[Fantasia 2013] “THE LAST TYCOON”


I want to start out this review by saying I generally hate writing reviews, or maybe it’s just I hate reading reviews. This may seem like an odd way to begin, but stick around and I promise I’ll tell you all about THE LAST TYCOON in a moment.

I love reading criticism and analysis of movies… after I see a movie. But most people want to use a movie review to determine whether they will see a movie or not. Back before the interwebs, newspapers usually had a couple of movie reviewers that over time readers would get to know and trust. But today you can go to Rotten Tomatoes or other such sites and see a dozen or a hundred reviews written by bloggers you’ve probably never heard of nor have any inkling what their taste is in movies. And typically these reviewers are all over the spectrum of whether they loved or hated a movie. Point being, I can’t see how that helps anyone make a decision.

So after watching THE LAST TYCOON, and knowing I had to write this, I decided to read what other reviewers (I shall not call them “critics”) thought of the film. The first thing is that a majority of these reviewers spent most of the time simply retelling the movie’s storyline. They then proceeded to critique the plot like some frustrated community college English teacher grading yet another semester of first year undergraduates.

Look, the one thing I have found in my experience that is very typical about movies from Asia, especially those from Hong Kong, is that you often don’t want to spend too much time concerned about the storyline. Accept going in that there will be moments where you may be utterly confused about what’s going on and/or be unsure of the relationships between characters. I have found it best to take a Zen-like approach to these films. You should just let the movie wash over you. If afterwards you feel good, then it was a good movie. If you feel it left you itchy and unsatisfied, then it wasn’t.

I started watching movies from Hong Kong around 1986 when I lived in Los Angeles. Before that, all I knew about Asian movies for the most part was Kurasawa, Godzilla, and Bruce Lee. But then I came upon a wonderful article in Film Comment which I began to use as a checklist to seek out. There were names like Chow Yun Fat, Jackie Chan, Sammo Hung, and John Woo. I then ventured into this weird little store in Chinatown (think the store in GREMLINS) and would go through their rows of films looking for those names. Often there was no English on the boxes, so some days I’d just grab five random titles and take them home. Eventually, I braved going to one of the little theaters in Chinatown and watching whatever was there.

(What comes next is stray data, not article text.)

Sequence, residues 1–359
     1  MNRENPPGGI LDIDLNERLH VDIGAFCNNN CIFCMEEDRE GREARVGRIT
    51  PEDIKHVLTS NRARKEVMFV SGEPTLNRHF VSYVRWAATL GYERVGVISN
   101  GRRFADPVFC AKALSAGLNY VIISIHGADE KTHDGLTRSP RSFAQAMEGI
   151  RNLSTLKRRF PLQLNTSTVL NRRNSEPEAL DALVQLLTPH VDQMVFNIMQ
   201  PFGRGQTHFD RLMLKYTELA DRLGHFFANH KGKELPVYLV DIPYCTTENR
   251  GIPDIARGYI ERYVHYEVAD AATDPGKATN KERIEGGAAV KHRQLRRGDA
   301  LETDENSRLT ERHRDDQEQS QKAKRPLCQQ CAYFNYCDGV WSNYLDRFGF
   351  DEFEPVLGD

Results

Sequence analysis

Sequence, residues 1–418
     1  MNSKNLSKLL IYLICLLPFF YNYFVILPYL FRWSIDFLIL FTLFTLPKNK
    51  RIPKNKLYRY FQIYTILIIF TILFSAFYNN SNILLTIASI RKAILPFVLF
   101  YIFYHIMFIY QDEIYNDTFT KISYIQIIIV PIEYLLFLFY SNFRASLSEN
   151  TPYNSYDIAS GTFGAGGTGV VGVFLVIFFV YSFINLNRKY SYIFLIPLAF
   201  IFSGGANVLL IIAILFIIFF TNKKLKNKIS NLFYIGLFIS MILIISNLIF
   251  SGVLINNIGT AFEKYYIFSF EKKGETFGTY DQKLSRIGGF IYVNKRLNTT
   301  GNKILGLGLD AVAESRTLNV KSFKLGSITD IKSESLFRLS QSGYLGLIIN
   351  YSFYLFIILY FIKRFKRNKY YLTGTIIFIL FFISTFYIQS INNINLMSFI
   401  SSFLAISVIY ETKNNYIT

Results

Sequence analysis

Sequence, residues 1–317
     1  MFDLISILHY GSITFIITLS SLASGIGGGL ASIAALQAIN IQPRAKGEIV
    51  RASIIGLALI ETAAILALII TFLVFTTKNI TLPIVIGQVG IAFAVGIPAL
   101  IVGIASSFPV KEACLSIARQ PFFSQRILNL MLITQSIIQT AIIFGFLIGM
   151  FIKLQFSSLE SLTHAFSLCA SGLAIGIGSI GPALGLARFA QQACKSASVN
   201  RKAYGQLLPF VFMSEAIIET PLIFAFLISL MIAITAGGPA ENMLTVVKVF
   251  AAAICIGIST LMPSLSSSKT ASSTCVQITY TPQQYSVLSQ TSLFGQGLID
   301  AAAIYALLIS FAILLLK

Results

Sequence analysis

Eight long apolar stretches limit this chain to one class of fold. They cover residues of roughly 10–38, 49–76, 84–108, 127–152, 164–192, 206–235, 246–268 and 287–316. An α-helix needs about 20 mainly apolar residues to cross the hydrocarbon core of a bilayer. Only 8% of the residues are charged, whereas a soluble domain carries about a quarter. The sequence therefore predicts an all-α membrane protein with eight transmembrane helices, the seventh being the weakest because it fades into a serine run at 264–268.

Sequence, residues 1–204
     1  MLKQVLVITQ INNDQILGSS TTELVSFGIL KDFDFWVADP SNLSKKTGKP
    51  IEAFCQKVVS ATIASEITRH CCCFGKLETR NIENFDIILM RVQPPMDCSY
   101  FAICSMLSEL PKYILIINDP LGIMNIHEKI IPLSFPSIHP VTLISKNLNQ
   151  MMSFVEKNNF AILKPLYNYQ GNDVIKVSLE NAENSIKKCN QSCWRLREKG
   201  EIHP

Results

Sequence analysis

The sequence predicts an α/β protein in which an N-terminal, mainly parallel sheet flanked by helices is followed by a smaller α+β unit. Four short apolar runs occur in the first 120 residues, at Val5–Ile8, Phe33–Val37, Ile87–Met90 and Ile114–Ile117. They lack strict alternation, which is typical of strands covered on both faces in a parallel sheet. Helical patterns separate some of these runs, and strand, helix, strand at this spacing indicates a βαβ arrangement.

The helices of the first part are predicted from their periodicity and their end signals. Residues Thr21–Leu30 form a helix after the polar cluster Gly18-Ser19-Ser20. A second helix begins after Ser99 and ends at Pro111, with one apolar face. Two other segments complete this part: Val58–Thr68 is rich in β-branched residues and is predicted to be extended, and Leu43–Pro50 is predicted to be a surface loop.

In those days the English subtitles were typically beyond pitiful (nowadays, they still can be laughingly sub par, but we’ve come a long way, baby). I’d try to force friends to watch some videos with me, but they quickly lost interest because of the poor subtitling. But not I. It made me use my brain to fill in the blanks. It was a great creative exercise. But then again, a lot of what I was digging on was the action, the staging, the acting, and the mysterious otherness of it all. It’s a lot like visiting a country where you don’t speak nor read the language and you can sit in a cafe or ride a metro and try to figure out what people are saying to each other. And when someone asks you a question or you have to engage with them, you have to depend on other cues – like their body language, the context, and the intonation of their voice to figure out what they’re trying to say to you. And if you practice this enough, you’ll be surprised by how much you’ll understand, rather than just switch your brain off and stare back at them like an idiot.


So now with that all said, let’s get to THE LAST TYCOON.

If this is going to be your first Asian movie, it’s probably not the one to start with. Find a friend who is somewhat versed in such things who knows what you like and don’t like and let them pick one that will be your entree into this world. Because if you are at least nominally familiar with Hong Kong movies, then there’s only one thing really to know here. It stars Chow Yun Fat. End of story.

Chow Yun Fat is the Robert de Niro/Al Pacino of Hong Kong movies. So it would be good to have some cinematic history with him before diving into this film. And like those two, he has aged beautifully, but often picks god awful or just mediocre movies to sleep-walk through – and like those American actors, it often doesn’t matter. You’ll gladly pay just to see them on screen.